It was a bummer hearing that SD’s governor and court agreed that the amendment to their Constitution regarding the legal status of cannabis was struck down.
It is a nit picky type of a reason, but the reason is very important to South Dakota. It is a single subject rule for ballot initiatives. I personally find this type of regulation a breath of fresh air. It prevents pork filled extras to these bills, and keeps things simple in the Midwestern state.
In response to the overturning of the voters’ will, cannabis activists filed four more initiatives, should the original amendment maintain its status as not eligible by law.
In my opinion, only one of the proposed bills is worth while, and that is the Constitutional Approach #1. This allows adults to grow 3 plants for personal use, and in homes with more than one adult, six plants would be the cap. This also allows for a retail system to be setup, and does not prevent folks from growing their own even with a retail location nearby.
Constitutional Approach #2 does not legalize retail sales, though that could be enacted later on.
Both Statutory approaches are awful in that both prevent adults from growing their own at home when a dispensary is near their area.
I would also like to see the inclusion of those who have had felonies many years prior and have not had any trouble since. Usually that is set to 10 years since the completion of their sentences.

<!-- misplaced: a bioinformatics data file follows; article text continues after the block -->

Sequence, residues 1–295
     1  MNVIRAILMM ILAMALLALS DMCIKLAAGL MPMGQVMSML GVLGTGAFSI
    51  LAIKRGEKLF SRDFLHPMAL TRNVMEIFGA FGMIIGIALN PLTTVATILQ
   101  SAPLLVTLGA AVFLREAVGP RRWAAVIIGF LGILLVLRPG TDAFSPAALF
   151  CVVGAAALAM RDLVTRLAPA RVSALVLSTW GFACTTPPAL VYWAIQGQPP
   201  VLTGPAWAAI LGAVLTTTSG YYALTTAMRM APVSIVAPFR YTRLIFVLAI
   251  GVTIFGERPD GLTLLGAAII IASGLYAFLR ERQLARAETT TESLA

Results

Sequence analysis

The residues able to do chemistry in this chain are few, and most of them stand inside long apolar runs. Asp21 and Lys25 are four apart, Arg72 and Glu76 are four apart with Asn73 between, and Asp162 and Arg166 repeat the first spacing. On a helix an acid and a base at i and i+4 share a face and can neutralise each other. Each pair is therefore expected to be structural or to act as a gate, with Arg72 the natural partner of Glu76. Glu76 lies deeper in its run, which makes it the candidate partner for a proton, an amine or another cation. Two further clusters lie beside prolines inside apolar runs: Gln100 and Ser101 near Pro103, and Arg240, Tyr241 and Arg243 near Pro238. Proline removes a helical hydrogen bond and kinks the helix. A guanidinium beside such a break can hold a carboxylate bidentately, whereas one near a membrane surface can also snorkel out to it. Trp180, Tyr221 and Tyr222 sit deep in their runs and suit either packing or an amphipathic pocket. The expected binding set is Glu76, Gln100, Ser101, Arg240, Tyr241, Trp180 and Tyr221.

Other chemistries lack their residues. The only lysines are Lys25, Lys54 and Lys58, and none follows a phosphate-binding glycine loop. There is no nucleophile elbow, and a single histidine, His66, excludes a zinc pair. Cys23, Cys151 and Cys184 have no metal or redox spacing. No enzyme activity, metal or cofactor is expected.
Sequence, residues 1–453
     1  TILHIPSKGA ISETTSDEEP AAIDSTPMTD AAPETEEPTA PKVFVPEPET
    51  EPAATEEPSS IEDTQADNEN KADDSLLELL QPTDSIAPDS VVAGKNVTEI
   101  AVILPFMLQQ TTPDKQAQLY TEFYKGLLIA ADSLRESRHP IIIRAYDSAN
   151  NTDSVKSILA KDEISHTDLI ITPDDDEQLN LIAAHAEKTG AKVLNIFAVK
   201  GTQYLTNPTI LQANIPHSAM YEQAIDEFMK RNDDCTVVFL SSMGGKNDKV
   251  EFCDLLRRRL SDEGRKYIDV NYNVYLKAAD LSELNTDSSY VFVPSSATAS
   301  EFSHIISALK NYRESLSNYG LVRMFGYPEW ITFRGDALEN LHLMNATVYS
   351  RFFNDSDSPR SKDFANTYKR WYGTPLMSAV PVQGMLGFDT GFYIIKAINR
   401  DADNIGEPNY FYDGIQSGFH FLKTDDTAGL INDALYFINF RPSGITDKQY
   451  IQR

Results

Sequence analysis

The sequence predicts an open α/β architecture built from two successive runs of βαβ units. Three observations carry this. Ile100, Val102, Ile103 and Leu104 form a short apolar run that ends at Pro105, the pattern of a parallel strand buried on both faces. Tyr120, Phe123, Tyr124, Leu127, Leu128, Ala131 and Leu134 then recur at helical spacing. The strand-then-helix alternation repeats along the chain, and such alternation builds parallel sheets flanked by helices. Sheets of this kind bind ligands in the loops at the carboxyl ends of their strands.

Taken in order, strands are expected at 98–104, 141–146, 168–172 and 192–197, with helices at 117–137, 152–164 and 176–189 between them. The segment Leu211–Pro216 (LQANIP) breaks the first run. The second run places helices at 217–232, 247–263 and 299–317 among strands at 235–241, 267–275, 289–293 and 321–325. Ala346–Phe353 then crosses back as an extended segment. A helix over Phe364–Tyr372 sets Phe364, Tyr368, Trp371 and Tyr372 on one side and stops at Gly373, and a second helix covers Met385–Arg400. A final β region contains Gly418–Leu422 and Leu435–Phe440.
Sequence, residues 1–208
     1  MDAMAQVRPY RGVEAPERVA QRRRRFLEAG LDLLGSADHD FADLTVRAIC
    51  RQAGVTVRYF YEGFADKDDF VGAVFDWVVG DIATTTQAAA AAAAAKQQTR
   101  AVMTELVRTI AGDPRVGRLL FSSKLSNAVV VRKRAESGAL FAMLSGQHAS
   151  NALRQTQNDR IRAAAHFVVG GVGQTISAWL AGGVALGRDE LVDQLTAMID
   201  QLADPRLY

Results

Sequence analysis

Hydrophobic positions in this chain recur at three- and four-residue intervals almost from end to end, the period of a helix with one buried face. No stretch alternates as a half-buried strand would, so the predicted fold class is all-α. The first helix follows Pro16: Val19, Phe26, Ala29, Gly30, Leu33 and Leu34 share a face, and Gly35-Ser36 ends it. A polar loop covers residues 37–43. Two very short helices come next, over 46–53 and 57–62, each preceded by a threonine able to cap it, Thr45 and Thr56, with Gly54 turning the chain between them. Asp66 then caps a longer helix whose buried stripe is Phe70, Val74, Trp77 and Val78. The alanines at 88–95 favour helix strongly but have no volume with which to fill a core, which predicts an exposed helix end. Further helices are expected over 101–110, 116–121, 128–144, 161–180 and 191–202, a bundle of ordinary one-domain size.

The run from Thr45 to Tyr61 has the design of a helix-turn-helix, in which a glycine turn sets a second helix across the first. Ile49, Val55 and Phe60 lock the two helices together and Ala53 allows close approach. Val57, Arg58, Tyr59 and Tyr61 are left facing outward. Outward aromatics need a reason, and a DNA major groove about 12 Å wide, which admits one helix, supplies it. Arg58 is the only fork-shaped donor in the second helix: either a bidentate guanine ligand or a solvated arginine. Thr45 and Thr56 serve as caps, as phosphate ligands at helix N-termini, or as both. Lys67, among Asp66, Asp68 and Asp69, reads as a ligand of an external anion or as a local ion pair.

What do you think? Are the measures sound? Do you see any potential pit falls to them? Leave a comment below, and let’s chat about it!
If the South Dakota Supreme Court declines to overturn a February ruling that nullified a voter-approved marijuana legalization initiative, activists are going to go all-in on the ballot initiative process again to ensure that the reform is enacted in 2022.
Late last week, they filed four separate legalization measures with the state Legislative Research Council—the first step toward putting the issue before voters next year. South Dakotans for Better Marijuana Laws says the sponsors will drop the proposals if Amendment A, which was approved by voters last November, is fully restored by the state’s high court. But for now, they’re getting the process rolling in case the judiciary doesn’t uphold the will of the electorate.
The four initiatives share some basic provisions, but they each take a unique approach to the policy change. There’s also a fifth measure that the group is backing which would eliminate a single-subject rule for the ballot process—a policy that led to a state judge deeming the 2020 recreational measure unconstitutional.
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